The PKK’s involvement in the heroin trade is legendary. As Marcus notes, this was sometimes deniable: supporters of the party would donate profits from the drug trade and the PKK would ask no questions. It has also been more direct. A British security source told The Spectator in 1998 that the PKK was responsible for forty percent of all heroin sold in the European Union. The attention of U.S. authorities has repeatedly been drawn on the narcotics matter, with sanctions imposed against senior PKK officials implicated, including Aydar.
The PKK is deeply involved in human trafficking. Protection rackets provide income to the PKK, and less direct forms of extortion in the “taxation” of Kurds in the diaspora, particularly in Germany, where social coercion and worse are applied to gain the party’s funding from the reluctant. Weapons smuggling is another major PKK criminal activity on European soil, necessary to keep alive their insurgency. This has strayed into something more like subversion when the PKK were found buying weapons from organized crime networks tied to Russian intelligence, with which the PKK has an extensive history having been partly founded as a Cold War mechanism to destabilize a frontline NATO state: Turkey.
Despite all of this, the Europeans never moved to shut down the PKK in toto, and that is not going to change any time soon. The point of the Turks’ actions, then, as Michael Stephens, a research fellow focused on Kurdistan at RUSI, put it, is to “delegitimise the political aspirations” of the PYD by “undermining the U.S.’s political engagement track with the PYD” and keeping relations limited to solely “military coordination against ISIS”.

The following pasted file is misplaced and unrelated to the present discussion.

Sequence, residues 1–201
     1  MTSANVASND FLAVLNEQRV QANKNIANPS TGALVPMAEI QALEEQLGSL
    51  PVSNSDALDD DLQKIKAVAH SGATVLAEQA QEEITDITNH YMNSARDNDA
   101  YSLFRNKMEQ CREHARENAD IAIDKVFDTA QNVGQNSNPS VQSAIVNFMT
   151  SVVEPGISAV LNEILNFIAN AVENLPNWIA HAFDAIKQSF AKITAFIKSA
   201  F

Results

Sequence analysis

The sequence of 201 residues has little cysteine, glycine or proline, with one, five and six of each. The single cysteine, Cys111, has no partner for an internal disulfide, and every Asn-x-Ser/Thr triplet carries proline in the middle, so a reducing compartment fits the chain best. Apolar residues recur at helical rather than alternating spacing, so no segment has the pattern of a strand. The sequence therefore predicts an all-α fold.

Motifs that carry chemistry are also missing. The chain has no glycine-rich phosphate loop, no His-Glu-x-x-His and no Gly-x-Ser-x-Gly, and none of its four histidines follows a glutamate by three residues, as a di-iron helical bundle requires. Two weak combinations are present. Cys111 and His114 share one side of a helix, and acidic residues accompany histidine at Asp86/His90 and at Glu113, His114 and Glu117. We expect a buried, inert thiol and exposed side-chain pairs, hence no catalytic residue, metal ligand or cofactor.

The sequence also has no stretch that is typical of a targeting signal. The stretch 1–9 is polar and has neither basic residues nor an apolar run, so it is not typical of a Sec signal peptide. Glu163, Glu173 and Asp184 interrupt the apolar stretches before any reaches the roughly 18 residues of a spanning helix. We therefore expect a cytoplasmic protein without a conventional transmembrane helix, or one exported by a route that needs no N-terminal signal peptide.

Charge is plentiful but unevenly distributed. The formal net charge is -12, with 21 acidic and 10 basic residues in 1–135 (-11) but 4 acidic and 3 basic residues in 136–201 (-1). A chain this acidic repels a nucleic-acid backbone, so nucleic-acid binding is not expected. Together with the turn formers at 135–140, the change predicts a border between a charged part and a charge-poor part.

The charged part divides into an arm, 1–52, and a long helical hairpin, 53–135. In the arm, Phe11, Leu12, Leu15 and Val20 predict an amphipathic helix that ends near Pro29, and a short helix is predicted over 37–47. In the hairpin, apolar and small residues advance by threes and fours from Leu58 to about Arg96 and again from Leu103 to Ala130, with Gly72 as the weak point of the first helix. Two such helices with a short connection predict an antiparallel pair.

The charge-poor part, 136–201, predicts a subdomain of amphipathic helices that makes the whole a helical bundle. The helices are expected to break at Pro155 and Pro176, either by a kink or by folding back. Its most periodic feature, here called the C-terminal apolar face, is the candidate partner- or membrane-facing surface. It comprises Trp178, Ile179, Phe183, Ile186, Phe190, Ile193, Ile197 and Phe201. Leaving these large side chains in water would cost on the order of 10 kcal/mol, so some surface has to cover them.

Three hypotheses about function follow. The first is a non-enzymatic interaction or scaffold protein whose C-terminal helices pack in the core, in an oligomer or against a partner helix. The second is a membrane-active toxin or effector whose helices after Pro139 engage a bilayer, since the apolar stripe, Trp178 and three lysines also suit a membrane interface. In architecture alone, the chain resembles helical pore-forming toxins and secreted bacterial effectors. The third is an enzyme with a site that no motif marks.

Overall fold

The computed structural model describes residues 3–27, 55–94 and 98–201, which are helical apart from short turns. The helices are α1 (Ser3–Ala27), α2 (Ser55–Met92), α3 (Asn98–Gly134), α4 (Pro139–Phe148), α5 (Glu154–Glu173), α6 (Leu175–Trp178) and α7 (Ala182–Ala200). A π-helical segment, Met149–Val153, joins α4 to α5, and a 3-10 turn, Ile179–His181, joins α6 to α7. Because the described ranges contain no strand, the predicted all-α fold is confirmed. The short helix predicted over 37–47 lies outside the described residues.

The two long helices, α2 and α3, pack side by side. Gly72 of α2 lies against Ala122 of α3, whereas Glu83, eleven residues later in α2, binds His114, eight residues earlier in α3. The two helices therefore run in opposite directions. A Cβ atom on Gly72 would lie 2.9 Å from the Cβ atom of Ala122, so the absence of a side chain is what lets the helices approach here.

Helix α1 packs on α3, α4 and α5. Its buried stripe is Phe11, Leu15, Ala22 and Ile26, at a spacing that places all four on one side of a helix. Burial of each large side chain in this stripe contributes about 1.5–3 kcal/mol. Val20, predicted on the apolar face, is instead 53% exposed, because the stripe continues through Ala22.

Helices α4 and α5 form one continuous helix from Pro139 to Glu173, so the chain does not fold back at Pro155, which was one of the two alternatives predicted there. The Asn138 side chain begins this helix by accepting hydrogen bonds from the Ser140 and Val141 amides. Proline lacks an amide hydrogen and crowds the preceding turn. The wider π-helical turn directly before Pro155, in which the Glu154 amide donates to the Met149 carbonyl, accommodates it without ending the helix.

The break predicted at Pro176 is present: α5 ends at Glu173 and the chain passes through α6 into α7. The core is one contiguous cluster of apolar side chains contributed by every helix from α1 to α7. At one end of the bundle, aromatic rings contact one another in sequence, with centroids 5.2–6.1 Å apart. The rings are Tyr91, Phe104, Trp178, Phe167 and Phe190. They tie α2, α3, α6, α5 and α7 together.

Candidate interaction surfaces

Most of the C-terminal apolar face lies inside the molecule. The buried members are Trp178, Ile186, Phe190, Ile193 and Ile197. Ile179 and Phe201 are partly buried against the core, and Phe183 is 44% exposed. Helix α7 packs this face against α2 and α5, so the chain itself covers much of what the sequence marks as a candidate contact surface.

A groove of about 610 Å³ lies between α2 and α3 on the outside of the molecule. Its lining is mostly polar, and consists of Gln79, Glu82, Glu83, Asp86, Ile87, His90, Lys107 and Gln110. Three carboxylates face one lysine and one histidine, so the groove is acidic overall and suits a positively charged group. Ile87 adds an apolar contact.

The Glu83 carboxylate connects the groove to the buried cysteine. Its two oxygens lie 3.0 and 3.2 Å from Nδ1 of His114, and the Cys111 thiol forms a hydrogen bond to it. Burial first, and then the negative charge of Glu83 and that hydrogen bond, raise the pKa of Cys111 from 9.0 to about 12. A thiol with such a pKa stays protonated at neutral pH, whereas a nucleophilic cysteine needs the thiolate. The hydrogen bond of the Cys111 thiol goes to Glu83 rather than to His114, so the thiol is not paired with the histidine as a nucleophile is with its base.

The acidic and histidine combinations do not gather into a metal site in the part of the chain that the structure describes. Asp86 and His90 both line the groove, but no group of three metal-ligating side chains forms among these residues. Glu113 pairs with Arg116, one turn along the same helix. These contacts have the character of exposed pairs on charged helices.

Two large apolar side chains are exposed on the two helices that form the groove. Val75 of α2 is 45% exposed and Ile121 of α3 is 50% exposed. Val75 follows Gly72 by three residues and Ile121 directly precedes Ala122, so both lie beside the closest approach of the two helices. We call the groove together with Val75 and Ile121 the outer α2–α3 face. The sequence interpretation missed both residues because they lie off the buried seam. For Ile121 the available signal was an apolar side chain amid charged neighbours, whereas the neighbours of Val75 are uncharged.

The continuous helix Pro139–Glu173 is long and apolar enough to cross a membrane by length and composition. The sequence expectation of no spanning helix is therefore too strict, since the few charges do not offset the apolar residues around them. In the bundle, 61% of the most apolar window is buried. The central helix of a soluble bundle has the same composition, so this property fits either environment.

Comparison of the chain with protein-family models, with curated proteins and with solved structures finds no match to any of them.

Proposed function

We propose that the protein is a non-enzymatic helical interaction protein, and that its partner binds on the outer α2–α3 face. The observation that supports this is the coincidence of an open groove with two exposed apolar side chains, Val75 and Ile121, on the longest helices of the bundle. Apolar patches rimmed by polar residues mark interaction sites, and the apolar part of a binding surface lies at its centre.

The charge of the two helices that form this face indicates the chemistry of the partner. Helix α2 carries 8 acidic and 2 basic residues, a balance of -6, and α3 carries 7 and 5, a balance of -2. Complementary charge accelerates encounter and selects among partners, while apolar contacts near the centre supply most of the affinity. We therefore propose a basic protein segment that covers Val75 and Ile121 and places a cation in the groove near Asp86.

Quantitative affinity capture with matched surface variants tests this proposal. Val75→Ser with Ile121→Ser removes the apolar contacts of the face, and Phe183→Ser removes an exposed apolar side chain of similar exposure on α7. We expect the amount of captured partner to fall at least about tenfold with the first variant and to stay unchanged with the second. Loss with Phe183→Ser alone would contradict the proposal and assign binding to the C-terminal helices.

The PKK and World Order
The Turks might overstate their case in demanding that the West sever all relations with the PYD because it is no different than al-Qaeda or IS, not least because Turkey itself retains channels to the PYD and not all that long ago Saleh met with both political and intelligence leaders in Turkey as part of the peace process. The crackdown against the Kurdish political party—the most moderate ever seen in Turkey—earlier this month also weakens the Turkish position. But the security concerns the Turks have about the PKK are not invented and any government—of any ideological character—would share them. It is also to the West’s own self-interest that the degree of support given to the PYD/PKK in Syria be reconsidered.
Turkey’s intervention in northern Syria in August was provoked by the need to clear IS from its border and as a last resort to contain PYD maximalism that was extending a statelet all along its border, enabled by the U.S., despite repeated diplomatic efforts by Ankara to have the U.S. restrain the PYD. The PYD was able to second Russian airstrikes to attack American assets among the Syrian rebels without any loss of U.S. support, or even rhetorical condemnation.
Turkey’s intervention has backed moderate rebels to clear IS from a large swathe of northern Syria, helping to drive a wedge between al-Qaeda and the insurgency in the process, something that could be exploited further if there was any will to do so. Ankara has also offered to work with the West and the Syrian opposition groups, who are viewed as legitimate by locals, to sweep IS from its Syrian capital, Raqqa. Instead, the West appears to be supporting the PKK (under the banner of the Syrian Democratic Forces)—who are fiercely rejected by local inhabitants—as its means of pushing IS out of Raqqa City. The PKK has every reason not to want to move into Raqqa City; only a political calculation about long-term Western support for its statelet in Syria compels such action. And here is the largest problem with the strategy as currently constituted.